Škoda Superb (2002–2008)

What's good

2.5 TDI V6 auto named Towcar of the Year 2002.

Four star NCAP crash safety rating awarded January 2003.

What to watch out for

Originally did not have folding rear seats.

No NCAP stars for pedestrian safety. 1.8 20v timing belt drives waterpump.

Did not adopt new Passat floorpan for 2007 (the later Superb II did).

Popular among taxi drivers, particularly the 1.9 diesel, so check for signs of this and beware of clocked back starship mileages.

If the drains for the ventilation plenum chamber get blocked with leaves water will have nowhere to go except into the car where it can cause electrical and electronic problems. Vital to check this area regularly. Pollen filter seal and pollen filter waterproof cover may also fail, allowing raniwater into the car even if the sucttle drains are clear.

Petrol engines can hydraulic for an extraordinary reason: water built up in the ventilation plenum chamber due to failure to clear the drains can perforate the seam of the two halves of the brake servo, rust the inside and make the brake pedal hard. That water can then get sucked into the engine if the servo diaphragm becomes perforated.

All 1.8 20V turbos built from around August 2001 to October 2002 can suffer from failure of one or more of the four ignition coils, which lead to a dispute between VAG and a supplier and a severe shortage of coils from November 2002 to January 2003.

Accident damage (rather than routine replacement) parts can be a problem when sourced via Skoda UK as it does not keep a big inventory. If you cannot get the part quickly, best to go independent, for example www.gsfcarparts.com

On 2.0 litre PD diesel engine the oil stainer in the sump is prone to getting clogged with sludge, elading to premature oil pump failure and consequent engine failure. These engines need proper oil changes at least every 10k miles with oil flush added and the old oil drained from the sump plug, not siphoned out.

Early 2.0 TDIs PD 140s and PD 170s with balancer shafts have a chain drive to the oil pump and the chain drive can eventually snap. Later cars have a hexagonal shaft positive drive to the oil pump that is also a problem. Failed oil pump drives totally wreck the engines and if the car has not been 100% Audi maintained, Audi will not pay.

The oil pump is driven from a balancer shaft via a short hexagonal shaft. The peaks of this hexagonal shaft locate in six corresponding but minute grooves machined within the otherwise circular-bored oil pump drive shaft. Thus, the oil pump drive relies entirely on an interference fit of little more than 0.010" along the peaks of the hexagonal shaft. After about 50,000 miles, the shaft can round off, resulting in a totally destroyed engine and turbo, plus a bill of up to £9,000.

If the danger is known and the oil pump is removed by the garage in good time, a new replacement pump will cost over £500, plus the labour etc to remove and refit it. However, it is also possible to save the old pump and modify the drive at a fraction of the cost of a new one. Many local machine shops already have numbers of these pumps in for such rectification, the drive shaft of each having been on the point of rounding off.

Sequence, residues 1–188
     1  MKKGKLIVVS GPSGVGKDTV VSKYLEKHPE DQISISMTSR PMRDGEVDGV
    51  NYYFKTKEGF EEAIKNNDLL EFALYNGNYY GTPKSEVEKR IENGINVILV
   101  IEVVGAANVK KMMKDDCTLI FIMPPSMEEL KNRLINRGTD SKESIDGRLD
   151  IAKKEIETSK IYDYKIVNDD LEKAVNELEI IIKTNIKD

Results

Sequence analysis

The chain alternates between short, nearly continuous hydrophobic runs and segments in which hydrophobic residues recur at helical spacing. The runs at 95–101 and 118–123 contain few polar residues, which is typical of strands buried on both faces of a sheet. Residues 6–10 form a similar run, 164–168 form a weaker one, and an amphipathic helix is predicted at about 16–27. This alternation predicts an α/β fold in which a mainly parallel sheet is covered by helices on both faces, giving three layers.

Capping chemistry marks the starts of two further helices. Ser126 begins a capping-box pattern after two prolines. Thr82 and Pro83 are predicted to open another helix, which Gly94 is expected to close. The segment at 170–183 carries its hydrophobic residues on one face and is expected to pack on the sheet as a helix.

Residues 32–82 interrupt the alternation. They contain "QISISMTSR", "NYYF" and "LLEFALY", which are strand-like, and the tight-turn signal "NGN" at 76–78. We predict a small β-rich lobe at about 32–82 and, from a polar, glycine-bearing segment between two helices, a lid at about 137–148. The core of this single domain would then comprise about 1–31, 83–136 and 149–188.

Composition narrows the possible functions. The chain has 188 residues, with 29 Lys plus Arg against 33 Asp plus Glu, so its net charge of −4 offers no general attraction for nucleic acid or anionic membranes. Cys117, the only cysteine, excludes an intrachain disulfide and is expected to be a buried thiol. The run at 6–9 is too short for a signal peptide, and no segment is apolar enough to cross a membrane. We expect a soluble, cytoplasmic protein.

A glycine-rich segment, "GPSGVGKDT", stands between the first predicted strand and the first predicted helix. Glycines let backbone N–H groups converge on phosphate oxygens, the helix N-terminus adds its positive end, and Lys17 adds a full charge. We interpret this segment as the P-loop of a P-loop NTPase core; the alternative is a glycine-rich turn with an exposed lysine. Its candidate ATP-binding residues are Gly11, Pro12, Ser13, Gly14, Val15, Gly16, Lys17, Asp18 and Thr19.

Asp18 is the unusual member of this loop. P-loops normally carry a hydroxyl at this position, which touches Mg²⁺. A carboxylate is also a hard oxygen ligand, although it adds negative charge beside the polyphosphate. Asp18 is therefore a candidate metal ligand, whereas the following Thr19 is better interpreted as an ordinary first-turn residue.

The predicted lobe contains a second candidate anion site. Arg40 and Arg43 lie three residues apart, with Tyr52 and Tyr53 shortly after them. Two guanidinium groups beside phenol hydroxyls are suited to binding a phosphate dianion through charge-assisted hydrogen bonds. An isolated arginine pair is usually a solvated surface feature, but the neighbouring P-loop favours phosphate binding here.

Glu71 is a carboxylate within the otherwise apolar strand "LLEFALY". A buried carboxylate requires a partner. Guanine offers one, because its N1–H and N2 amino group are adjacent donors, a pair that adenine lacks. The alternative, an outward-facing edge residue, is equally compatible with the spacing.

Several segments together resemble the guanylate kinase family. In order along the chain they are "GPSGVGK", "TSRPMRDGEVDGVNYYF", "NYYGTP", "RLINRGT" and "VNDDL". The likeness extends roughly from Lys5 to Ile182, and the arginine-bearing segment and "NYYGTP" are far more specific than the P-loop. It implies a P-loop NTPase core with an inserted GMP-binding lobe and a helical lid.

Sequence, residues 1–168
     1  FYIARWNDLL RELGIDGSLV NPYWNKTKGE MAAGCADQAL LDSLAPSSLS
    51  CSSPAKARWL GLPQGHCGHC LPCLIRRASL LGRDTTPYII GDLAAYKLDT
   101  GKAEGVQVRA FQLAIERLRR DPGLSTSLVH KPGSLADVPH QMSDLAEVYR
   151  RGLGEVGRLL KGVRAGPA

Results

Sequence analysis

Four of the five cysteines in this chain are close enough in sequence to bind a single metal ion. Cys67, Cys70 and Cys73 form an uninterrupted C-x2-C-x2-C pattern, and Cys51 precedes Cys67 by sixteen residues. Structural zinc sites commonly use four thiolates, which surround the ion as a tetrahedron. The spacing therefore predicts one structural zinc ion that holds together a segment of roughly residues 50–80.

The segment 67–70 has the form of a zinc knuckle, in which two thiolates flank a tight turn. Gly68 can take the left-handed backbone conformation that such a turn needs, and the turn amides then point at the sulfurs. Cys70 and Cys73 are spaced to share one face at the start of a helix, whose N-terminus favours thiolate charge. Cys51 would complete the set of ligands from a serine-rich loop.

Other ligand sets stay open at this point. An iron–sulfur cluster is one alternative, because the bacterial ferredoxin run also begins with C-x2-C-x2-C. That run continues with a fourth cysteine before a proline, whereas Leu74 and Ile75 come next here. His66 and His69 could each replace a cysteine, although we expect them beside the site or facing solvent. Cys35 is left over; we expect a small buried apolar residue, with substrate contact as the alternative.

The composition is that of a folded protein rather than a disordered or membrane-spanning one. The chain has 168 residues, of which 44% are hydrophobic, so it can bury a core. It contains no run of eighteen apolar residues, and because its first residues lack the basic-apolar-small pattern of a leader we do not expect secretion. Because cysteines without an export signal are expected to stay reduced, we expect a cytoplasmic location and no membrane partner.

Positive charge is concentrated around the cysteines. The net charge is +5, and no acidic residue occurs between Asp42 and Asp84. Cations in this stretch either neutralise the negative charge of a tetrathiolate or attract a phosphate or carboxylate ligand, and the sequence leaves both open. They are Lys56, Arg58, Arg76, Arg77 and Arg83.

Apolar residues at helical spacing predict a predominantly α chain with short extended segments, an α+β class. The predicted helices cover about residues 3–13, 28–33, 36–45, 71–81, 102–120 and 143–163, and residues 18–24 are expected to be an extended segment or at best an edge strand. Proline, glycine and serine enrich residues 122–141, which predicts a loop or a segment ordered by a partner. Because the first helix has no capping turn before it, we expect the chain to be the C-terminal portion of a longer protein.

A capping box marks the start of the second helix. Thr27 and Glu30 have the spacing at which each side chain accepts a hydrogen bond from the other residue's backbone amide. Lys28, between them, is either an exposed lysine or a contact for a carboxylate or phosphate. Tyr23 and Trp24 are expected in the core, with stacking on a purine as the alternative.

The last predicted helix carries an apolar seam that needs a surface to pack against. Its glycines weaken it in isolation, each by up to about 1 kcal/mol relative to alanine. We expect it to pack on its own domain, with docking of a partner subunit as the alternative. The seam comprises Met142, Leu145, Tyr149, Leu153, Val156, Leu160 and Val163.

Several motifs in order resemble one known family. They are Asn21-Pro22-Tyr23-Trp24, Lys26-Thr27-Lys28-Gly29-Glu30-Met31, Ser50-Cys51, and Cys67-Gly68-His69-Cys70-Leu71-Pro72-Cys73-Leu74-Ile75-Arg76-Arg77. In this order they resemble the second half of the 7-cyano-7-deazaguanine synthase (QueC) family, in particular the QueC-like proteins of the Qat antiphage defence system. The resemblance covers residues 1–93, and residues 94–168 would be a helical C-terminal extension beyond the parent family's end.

The non balancer shaft BKD, AZV and BMN 2.0 engines (which found their way into the 2.0 PD Octavia, A3, Golf, and various SEATs) used a chain driven oil pump very similar, but not identical, to the old 1.9 130hp PD engine. This never seems to give any problems. It's the balancer shafts that cause the problems on the 'posher' VAG 2.0 PD diesels eg Passat, A4, Superb.

This 2.0 PD differs from the 1.9 in having twin Lanchester balancing shafts which contra-rotate at 2x crank speed. The first engines used a chain drive which was a complete disaster and the later engines a gear drive. All 2.0 PD got the geared drive towards the end of 2005.

The problem with the 2.0 PD engine is the drive from the slave balancer shaft to the oil pump, which is a piece of 6 AF hex bar which has inadequate engagement depth with the grooves in the slave shaft. It's the torsional oscillations caused by the balance shafts which destroy the oil pump coupling (the 6mm AF bit of hex) and the chain drive to the balancer shafts before the gear driven systems came out, though these still give problems with the hex key rounding.

The problem is with lack of concentricity of the drive socket into which the drive rod/hex fits. Chacking shows that all the drive sockets in the failed units were off centre by at least 0.1mm. All the replacement balancer units were dead centre and have not led to a repeat failure. Some replacement balancer units have now done 100k+ miles.

You will get this problem at some point if you have a 2.0TDi WITH balancer shafts. If your 2.0TDi does NOT have balancer shafts, you will be ok. If you fit the lastest balancer shaft/ pump assembley from VAG it will more than likely cure the problem for life as they have made the hex longer and centered it all properley.

CR engines are safe. Anything before that..Audi/VAG wont say exactley when they started to fit the units that actualy work properly.

30-5-2012: Surprising 6th Least Reliable 3-5 year old family car in 2012 analysis of Warranty Direct Claims records.

1-3-2013: 99k mile 2008 1.9 TDI needed new turbo plus pressure and g31 sensordrive shaft and leak to steering rack fixed (the whole rack had to be taken out).

28-2-2017: Report of offside rear door of 2007 Skoda Superb becoming impossible to open either from inside or outside. Locked firmly shut and could not be over-ridden.

6-7-2019: Useful discussion about 7-speed dry clutch DQ200 DSGs in https://www.briskoda.net/forums/topic/442553-which-dsg/ (includes a video of how to change the mineral oil in the DQ200).

Recalls

2007 VW Passat TSB 51B8: Remove grommet from drain under batter box to allow clear flow of rainwater out of ventilation plenum chamber.

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